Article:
In Alternativen zu Hitler: Wilhelm Groener (2008) Klaus Hornung, a onetime professor of political science at the University of Hohenheim in Stuttgart, puts into relief Groener’s struggle as a military officer and minister to preserve the Weimar Republic. Although a member of the German High Command who enjoyed exemplary relations with his superior, Hindenburg, Groener became known for his political flexibility. At the war’s end he developed close ties to Friedrich Ebert, upon whose cooperation he depended to put down radical leftist uprisings after the War. The majority socialists, the Mehrheitssozialisten, backed Ebert and his defense minister Gustav Noske, despite defections on the Socialist Party’s left, in dealing with what Ebert as well as Groener condemned as a violent threat to Germany’s constitutional republic. Later in the 1920s as defense minister, and from 1931 to 1932 as interior minister, Groener tried to cooperate with the democratic left in building a workable parliamentary coalition that would exclude both the Nazis and Communists.
In the German election of September 1930, which came at the height of the Great Depression, the Nazis and Communists together won enough seats in the Reichstag to create a near obstructionist majority, a Sperrmehrheit. The Nazi deputies in Germany’s parliament shot up from 12 to 110, although the chancellor at the time, Heinrich Brüning of the Center Party, commented in his Memoirs that he expected an even more resounding victory for Hitler’s party.
Groener made multiple enemies on the German nationalist right, for understandable reasons. He talked the kaiser into abdicating, then induced parliamentary leaders to sign the Treaty of Versailles, including its “shame paragraphs” blaming Germany for the war. Although Groener considered the treaty to be outrageously unjust, he also believed Germany’s armed forces were in no condition to resist an Allied invasion if one were undertaken. Later as interior minister he persuaded Hindenburg to ban Nazi paramilitary groups, and in his persistent effort to place the Reichswehr “above parties,” Groener prosecuted young soldiers who distributed inflammatory Nazi literature in their barracks.
In the summer of 1930 Hindenburg established “a presidential regime” under Article 48 of the Weimar Constitution, which allowed the aged executive to govern “under emergency powers.” Groener supported this move as necessary to protect Germany’s republic and, with Brüning, became a leading figure of the “emergency cabinet.” Like Hindenburg, Groener and Brüning were convinced that this assertion of constitutionally guaranteed presidential power was necessary to save their country from the Nazi and Communist dangers.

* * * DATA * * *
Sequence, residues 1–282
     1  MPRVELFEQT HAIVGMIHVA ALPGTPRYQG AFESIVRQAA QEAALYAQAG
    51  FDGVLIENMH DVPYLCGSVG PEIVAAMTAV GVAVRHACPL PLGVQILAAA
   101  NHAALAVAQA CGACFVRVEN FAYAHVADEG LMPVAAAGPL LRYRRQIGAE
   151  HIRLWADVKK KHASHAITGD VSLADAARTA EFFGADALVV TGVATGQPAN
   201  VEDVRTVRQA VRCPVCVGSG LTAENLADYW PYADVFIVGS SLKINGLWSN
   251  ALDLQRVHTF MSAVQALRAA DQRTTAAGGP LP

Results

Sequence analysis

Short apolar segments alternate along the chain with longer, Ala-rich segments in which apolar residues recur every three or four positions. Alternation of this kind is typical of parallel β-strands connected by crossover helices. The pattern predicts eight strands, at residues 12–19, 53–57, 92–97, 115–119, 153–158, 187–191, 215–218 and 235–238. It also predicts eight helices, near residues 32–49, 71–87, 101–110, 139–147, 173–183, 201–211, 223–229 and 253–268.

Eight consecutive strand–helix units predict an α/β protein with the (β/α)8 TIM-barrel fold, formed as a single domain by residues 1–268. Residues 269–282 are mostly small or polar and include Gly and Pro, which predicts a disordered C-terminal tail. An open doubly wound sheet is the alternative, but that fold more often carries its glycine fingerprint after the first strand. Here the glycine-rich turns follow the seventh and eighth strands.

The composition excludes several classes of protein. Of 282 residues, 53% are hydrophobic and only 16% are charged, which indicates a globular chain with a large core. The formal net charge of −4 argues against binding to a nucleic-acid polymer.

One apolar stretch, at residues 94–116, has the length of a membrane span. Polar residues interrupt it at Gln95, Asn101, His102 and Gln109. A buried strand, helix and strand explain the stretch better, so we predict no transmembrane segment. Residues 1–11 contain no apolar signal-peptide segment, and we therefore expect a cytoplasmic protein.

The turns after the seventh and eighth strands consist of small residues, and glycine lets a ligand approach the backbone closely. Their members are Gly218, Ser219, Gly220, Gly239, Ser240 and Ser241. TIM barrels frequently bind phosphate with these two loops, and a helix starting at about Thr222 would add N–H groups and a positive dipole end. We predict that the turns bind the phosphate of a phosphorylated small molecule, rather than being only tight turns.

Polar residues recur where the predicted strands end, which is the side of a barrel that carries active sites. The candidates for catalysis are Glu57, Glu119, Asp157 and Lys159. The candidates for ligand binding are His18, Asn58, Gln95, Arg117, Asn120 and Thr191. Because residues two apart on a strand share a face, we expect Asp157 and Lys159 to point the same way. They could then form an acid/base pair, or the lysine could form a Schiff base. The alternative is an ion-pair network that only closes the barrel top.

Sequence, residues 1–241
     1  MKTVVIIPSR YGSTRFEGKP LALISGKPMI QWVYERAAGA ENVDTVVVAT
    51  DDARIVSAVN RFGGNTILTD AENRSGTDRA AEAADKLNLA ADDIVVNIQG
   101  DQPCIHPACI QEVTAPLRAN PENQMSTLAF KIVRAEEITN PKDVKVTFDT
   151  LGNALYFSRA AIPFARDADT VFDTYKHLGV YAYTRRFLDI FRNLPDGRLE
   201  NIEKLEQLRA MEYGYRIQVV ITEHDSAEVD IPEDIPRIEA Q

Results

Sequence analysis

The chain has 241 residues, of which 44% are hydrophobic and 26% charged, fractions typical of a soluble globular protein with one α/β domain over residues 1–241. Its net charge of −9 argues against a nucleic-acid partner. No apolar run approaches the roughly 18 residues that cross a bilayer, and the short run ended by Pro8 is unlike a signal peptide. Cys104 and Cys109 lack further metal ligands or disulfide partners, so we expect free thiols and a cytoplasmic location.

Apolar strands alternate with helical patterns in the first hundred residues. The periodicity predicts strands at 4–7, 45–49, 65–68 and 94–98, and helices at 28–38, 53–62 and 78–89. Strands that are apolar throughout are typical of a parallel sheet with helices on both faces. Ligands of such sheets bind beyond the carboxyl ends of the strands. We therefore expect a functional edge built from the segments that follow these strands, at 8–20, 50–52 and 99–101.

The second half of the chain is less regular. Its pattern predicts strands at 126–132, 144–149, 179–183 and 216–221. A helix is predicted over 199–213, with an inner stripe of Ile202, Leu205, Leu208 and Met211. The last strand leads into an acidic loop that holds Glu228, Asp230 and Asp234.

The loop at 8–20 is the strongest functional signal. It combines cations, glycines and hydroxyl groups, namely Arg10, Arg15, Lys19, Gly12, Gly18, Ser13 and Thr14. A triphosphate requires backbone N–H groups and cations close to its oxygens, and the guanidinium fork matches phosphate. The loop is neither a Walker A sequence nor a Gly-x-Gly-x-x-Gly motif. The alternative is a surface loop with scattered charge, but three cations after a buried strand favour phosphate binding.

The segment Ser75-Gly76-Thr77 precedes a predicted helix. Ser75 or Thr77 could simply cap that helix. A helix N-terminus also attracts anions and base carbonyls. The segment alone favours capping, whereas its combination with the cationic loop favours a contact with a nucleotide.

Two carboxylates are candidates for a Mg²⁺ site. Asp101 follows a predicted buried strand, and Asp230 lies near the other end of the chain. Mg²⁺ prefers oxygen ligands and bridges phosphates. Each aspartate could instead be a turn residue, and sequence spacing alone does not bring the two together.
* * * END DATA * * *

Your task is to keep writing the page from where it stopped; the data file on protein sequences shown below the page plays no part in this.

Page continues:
During Groener’s political service to the Weimar Republic, he tried persistently to win over American Republican administrations. Wishing to free his country from onerous reparations and to rebuild the German army, he recognized that American leaders had no interest in further humiliating the Germans or keeping them in an economically weak position. By the 1920s, moreover, second thoughts had set in across the ocean about America’s involvement in World War I, and certainly about the harshness of the Treaty of Versailles. Both Groener and Brüning thought they could link plans for disarmament among the major powers to Germany’s own interests.
If Germany’s former enemies cut their military expenses and reduced the sizes of their armies, the resulting situation might lead to a revision of the status quo for the war’s losers. The Germans might then have been allowed to achieve military parity and have their reparations costs shrunk. But this would not happen. The British and French were unwilling to accept a revision of the Versailles Treaty that would have permitted the Germans to create a serious military force. Additionally, the Depression put the French in a financially precarious position, rendering them more dependent on German reparations. Note that much of the money paid in reparations came from American banks, which provided the Germans and other Europeans with generous loans.